ACC Focus on the New Jersey Chapter - April 8, 2011 (Print All Articles)
Do you have an idea? Is there a program you want? Is there a topic you want us cover? We are always looking for new ideas and we’re looking to refine our old ideas. Also, our spring dinner is fast approaching on May 12. This year, for change of pace, we are having it an all new venue, the Grove in Cedar Grove. I look forward to seeing you all there.
Finally, our membership drive is in full swing. Please let your colleagues know the great benefits of NJCCA. Opportunities for CLE, Networking, collaboration, social interaction are some of the important benefits one can get from NJCCA. So come one come all.
Enjoy the Spring.
Best regards, Evan
Building Information Modeling Is Revolutionizing Construction
Robert C. Epstein, Jacqueline Greenberg Vogt and David C. Jensen
Building information modeling (BIM) is the most exciting development in construction in a generation and is transforming the way projects are designed and built. By creating a three-dimensional virtual simulation of a construction project, BIM has the potential to revolutionize construction by reducing costs, increasing quality, reducing conflicts and even achieving designs that would be impossible without this technology. In the very near future, BIM will overwhelm the construction industry and become the standard of practice for design and construction in the 21st century.
BIM is a technology that uses construction information to form a three-dimensional simulation of a construction project. BIM does not provide just a three-dimensional depiction of a construction project. Rather, BIM creates a digital simulation of a structure that can be digitally viewed, tested, modified, redesigned, constructed and deconstructed.
BIM is fundamentally different from traditional design tools. Computer Assisted Design (CAD), used overwhelmingly by most designers for decades, depicts construction elements with lines that define a structure’s geometry. In contrast, using BIM, each element of the structure is an “intelligent” object containing a broad array of information in addition to physical dimensions. Each element in a BIM model “knows” how it relates to other objects and to the design in general. With BIM, walls are objects which can be stretched, joined and moved, and which “know” that they have certain properties. For example, a wall in a BIM model “knows” that it is supposed to extend from the foundation up to Level 1. If either of those parameters changes, the height of the wall will automatically adjust to match. Similarly, doors and windows “know” their relationship to the walls in which they are placed and behave accordingly.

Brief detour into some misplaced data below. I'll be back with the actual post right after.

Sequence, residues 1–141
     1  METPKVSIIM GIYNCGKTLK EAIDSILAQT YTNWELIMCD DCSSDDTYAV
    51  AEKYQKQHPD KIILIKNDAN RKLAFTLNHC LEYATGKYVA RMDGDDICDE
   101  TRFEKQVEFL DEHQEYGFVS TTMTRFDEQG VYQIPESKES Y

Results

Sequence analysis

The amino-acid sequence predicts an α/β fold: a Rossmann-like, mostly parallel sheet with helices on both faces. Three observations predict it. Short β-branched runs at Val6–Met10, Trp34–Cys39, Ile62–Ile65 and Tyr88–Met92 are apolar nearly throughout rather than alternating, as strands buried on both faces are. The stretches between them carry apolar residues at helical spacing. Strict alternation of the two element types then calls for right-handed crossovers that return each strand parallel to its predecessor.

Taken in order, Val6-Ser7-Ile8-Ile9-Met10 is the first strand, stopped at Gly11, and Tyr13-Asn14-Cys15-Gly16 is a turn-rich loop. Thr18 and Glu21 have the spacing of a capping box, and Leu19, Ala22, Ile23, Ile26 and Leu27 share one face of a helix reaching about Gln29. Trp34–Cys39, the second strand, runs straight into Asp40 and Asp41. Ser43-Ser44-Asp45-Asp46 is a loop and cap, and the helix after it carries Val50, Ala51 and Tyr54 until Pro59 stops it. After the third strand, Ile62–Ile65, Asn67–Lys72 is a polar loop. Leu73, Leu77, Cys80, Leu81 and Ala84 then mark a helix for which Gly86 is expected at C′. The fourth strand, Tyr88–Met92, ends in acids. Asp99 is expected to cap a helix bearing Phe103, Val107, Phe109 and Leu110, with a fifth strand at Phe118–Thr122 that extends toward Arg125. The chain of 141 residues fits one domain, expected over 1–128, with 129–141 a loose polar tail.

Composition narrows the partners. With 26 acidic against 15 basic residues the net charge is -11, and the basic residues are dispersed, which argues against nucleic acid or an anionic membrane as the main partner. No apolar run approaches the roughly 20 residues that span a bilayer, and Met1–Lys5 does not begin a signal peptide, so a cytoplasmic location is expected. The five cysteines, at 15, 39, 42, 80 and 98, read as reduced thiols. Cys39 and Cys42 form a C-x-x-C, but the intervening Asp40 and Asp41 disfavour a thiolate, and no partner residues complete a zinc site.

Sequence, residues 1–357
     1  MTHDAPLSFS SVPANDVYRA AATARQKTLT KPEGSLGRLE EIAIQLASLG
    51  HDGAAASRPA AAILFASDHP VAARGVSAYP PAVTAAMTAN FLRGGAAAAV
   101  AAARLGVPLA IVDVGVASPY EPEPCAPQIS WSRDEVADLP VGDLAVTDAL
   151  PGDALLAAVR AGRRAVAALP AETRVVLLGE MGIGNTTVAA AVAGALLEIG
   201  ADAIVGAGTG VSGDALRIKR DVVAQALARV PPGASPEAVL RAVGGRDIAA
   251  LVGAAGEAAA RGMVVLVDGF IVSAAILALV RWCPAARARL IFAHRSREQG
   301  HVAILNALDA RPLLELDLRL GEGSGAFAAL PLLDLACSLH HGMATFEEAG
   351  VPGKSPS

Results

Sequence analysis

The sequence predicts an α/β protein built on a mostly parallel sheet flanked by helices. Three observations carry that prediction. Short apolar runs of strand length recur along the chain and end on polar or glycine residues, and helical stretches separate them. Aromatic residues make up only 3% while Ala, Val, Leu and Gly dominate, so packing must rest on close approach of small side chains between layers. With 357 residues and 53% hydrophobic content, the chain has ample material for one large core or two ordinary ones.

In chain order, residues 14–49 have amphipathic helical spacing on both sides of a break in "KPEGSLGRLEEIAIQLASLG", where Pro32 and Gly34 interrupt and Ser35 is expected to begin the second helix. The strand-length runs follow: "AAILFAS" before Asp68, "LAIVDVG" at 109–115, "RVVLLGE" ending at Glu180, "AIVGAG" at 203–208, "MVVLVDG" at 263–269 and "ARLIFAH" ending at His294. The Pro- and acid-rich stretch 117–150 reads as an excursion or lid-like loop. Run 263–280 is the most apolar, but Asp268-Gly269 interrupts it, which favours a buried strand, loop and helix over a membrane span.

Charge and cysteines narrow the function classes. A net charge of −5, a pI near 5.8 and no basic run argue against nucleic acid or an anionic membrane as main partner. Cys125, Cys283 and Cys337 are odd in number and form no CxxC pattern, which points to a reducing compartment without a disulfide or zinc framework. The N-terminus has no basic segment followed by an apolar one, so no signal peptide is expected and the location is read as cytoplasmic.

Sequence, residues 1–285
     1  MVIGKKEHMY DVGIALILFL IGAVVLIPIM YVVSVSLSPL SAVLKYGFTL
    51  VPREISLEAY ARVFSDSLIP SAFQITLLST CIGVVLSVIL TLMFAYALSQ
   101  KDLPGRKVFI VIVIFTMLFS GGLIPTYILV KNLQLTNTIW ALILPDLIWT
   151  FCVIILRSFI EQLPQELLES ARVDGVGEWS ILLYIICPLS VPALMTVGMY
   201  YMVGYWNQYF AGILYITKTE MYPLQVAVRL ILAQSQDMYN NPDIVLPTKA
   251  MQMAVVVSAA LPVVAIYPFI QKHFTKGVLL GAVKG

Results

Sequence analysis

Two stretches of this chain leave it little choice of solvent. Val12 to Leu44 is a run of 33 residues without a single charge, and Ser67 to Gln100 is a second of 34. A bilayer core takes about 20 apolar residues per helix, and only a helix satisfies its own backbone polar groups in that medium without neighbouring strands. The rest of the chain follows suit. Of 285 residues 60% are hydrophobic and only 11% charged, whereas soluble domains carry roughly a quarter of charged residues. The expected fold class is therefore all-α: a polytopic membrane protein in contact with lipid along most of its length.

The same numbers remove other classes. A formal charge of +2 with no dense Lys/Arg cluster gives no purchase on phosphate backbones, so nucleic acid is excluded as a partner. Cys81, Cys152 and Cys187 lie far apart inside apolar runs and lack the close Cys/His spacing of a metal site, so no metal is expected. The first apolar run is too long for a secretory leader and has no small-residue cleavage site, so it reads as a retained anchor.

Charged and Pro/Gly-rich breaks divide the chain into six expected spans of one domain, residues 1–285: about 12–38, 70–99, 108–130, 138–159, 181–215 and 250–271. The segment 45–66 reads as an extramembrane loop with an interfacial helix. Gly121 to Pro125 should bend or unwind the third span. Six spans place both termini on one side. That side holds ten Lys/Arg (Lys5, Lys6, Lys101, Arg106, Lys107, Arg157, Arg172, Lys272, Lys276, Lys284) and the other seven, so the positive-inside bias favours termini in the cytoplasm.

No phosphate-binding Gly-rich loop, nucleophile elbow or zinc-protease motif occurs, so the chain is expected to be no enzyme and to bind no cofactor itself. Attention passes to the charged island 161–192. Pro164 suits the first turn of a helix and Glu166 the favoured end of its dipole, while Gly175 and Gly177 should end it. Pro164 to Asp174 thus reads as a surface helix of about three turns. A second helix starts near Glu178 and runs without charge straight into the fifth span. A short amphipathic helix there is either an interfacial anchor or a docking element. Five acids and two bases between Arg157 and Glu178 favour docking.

BIM is the most powerful tool yet conceived for improving the construction process. Designers can use BIM to explore alternative concepts and optimize their designs. Contractors can use the model to “rehearse” construction, coordinate drawings and prepare shop and fabrication drawings. Owners can use the model to optimize building maintenance, renovations and energy efficiency, as well as to monitor life cycle costs. BIM allows for collaboration among designers, constructors and owners in ways the construction industry has never known before.
The potential benefits of BIM on construction projects are startling. Some uses of BIM are as follows:
Single Data Source:
All construction projects require access by many parties to the same information. Under prevailing practices, the identical information is repetitively entered by separate parties into separate computer programs, each designed to provide a specific analysis. Every repetition is an opportunity for error.
In contrast, BIM allows project parties to capture everything known about a building in a single project database. Plans, elevations and section drawings, all generated from a single design model, are then always consistent. By having a single, unified data source, the risk of errors in data entry or translation is greatly reduced, and the risk that parties will proceed based upon conflicting information is minimized.